Pneumococcal conjugate (PCV13) Severe allergic reaction (e.g., anaphylaxis) after a previous dose or to a vaccine component, including to any vaccine containing diphtheria toxoid. Moderate or severe acute illness with or without fever.
Pneumococcal polysaccharide (PPSV23) Severe allergic reaction (e.g., anaphylaxis) after a previous dose or to a vaccine component. Moderate or severe acute illness with or without fever.
Meningococcal, conjugate, (MenACWY); meningococcal, polysaccharide (MPSV4) Severe allergic reaction (e.g., anaphylaxis) after a previous dose or to a vaccine component. Moderate or severe acute illness with or without fever.
Hepatitis A (HepA) Severe allergic reaction (e.g., anaphylaxis) after a previous dose or to a vaccine component. Moderate or severe acute illness with or without fever.
Hepatitis B (HepB) Severe allergic reaction (e.g., anaphylaxis) after a previous dose or to a vaccine component. Moderate or severe acute illness with or without fever.
Haemophilus influenzae Type b (Hib) Severe allergic reaction (e.g., anaphylaxis) after a previous dose or to a vaccine component. Moderate or severe acute illness with or without fever.

Footnotes

Contraindications and Precautions to Commonly Used Vaccines in Adults

  1. Vaccine package inserts and the full ACIP recommendations for these vaccines should be consulted for additional information on vaccine-related contraindications and precautions and for more information on vaccine excipients. Events or conditions listed as precautions should be reviewed carefully. Benefits of and risks for administering a specific vaccine to a person under these circumstances should be considered. If the risk from the vaccine is believed to outweigh the benefit, the vaccine should not be administered. If the benefit of vaccination is believed to outweigh the risk, the vaccine should be administered. A contraindication is a condition in a recipient that increases the chance of a serious adverse reaction. Therefore, a vaccine should not be administered when a contraindication is present.

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  2. For more information on use of influenza vaccines among persons with egg allergies and a complete list of conditions that CDC considers to be reasons to avoid receiving LAIV, see CDC. Prevention and control of seasonal influenza with vaccines: recommendations of the Advisory Committee on Immunization Practices (ACIP) — United States, 2013–14. MMWR 2013;62(RR07):1-43.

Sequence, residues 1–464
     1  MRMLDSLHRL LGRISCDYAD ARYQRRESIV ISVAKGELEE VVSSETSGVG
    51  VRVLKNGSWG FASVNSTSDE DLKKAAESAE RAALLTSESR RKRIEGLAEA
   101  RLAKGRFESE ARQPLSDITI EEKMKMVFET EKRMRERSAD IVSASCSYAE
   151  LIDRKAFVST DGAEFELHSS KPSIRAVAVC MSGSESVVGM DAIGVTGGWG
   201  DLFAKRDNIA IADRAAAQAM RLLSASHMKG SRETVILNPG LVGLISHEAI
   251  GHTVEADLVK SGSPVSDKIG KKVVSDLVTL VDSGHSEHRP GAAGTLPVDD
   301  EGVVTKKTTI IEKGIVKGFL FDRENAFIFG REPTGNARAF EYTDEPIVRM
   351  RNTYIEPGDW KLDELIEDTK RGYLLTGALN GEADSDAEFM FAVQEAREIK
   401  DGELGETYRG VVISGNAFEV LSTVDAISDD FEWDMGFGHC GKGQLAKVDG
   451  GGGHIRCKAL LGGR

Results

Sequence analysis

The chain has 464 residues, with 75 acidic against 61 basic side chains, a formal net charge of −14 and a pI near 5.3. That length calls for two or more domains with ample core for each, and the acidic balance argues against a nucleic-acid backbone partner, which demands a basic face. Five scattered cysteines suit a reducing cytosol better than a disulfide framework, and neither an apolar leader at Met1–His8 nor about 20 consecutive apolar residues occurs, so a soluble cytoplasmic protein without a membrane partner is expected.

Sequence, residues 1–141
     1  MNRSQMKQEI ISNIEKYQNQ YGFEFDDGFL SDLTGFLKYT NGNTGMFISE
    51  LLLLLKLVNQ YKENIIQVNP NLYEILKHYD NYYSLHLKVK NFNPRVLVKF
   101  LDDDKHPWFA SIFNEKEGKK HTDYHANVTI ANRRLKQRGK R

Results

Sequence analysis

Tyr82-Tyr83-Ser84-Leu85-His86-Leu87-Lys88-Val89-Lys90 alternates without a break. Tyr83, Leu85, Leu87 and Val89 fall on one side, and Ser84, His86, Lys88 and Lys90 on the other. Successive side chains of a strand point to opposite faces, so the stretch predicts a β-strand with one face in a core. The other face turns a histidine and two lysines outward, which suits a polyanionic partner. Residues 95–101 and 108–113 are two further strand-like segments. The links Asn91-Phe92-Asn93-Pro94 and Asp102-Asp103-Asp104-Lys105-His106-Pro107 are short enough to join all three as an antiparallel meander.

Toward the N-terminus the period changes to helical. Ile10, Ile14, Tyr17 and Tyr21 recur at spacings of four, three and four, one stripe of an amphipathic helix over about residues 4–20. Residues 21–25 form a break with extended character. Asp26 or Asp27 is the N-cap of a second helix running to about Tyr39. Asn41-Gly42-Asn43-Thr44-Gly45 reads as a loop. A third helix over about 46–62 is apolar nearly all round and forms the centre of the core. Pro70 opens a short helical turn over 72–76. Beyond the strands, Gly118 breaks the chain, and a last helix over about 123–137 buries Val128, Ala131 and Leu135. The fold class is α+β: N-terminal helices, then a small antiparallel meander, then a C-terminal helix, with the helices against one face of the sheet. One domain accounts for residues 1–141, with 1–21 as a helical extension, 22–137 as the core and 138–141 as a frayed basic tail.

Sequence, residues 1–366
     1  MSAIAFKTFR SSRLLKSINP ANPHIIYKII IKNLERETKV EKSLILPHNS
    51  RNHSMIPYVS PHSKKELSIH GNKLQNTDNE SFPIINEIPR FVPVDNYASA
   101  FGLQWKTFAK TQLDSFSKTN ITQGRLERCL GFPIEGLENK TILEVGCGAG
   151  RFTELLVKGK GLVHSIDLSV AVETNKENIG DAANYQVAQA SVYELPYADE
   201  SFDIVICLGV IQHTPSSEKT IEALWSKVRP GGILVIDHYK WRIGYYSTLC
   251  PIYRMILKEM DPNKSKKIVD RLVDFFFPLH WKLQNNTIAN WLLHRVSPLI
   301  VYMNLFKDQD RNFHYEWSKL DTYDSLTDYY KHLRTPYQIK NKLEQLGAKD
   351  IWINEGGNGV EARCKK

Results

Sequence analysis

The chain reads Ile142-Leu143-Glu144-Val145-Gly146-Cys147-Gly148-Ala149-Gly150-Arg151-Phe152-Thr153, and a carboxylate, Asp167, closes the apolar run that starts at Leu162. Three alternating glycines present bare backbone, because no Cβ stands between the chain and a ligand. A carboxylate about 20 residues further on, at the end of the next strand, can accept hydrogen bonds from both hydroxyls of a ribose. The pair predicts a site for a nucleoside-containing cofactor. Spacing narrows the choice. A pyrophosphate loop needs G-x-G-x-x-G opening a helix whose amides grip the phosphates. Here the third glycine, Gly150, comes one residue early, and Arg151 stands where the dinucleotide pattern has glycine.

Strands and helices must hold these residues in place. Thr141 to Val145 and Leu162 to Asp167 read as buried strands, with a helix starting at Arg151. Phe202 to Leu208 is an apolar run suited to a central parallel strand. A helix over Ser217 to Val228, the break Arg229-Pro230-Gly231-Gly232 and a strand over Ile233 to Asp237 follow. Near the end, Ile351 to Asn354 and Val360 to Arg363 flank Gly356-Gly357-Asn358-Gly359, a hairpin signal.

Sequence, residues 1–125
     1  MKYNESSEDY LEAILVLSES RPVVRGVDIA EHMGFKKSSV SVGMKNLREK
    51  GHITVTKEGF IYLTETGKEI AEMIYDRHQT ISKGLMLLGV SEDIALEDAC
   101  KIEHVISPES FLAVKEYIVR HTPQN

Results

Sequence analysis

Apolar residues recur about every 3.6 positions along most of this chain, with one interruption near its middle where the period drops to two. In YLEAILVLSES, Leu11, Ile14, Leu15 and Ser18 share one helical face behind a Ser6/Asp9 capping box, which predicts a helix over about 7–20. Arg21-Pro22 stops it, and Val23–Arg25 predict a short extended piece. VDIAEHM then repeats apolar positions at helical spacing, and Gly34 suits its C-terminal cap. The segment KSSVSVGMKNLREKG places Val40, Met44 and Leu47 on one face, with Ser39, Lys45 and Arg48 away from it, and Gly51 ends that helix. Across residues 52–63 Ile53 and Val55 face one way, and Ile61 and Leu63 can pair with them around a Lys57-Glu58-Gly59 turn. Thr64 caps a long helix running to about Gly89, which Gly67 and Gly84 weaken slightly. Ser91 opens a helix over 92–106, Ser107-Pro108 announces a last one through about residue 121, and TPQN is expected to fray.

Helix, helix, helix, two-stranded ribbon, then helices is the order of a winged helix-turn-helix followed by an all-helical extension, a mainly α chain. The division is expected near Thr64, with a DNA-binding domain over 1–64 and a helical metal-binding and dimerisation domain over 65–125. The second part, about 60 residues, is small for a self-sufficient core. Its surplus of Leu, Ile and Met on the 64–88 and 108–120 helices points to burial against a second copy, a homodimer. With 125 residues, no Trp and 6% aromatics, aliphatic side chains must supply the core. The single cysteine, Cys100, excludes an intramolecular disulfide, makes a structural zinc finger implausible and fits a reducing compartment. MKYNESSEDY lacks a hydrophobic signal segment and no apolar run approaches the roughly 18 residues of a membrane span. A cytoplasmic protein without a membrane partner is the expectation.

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  3. LAIV, MMR, varicella, or zoster vaccines can be administered on the same day. If not administered on the same day, live vaccines should be separated by at least 28 days.

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  4. Immunosuppressive steroid dose is considered to be ≥2 weeks of daily receipt of 20 mg of prednisone or the equivalent. Vaccination should be deferred for at least 1 month after discontinuation of such therapy. Providers should consult ACIP recommendations for complete information on the use of specific live vaccines among persons on immune-suppressing medications or with immunosuppression because of other reasons.

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  5. Vaccine should be deferred for the appropriate interval if replacement immune globulin products are being administered. See CDC. General recommendations on immunization: recommendations of the Advisory Committee on Immunization Practices (ACIP). MMWR 2011;60(No. RR-2).

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  6. Measles vaccination might suppress tuberculin reactivity temporarily. Measles-containing vaccine may be administered on the same day as tuberculin skin testing. If testing cannot be performed until after the day of MMR vaccination, the test should be postponed for at least 4 weeks after the vaccination. If an urgent need exists to skin test, do so with the understanding that reactivity might be reduced by the vaccine.

*Adapted from CDC. General recommendations on immunization: recommendations of the Advisory Committee on Immunization Practices (ACIP). MMWR 2011;60(No. RR-2):40-1 (Table 6. Contraindications and precautions to commonly used vaccines) and from Atkinson W, Wolfe S, Hamborsky J, eds. Epidemiology and prevention of vaccine preventable diseases. 12th ed. Appendix A. Washington, DC: Public Health Foundation, 2011.

†Regarding latex allergy, consult the package insert for any vaccine administered.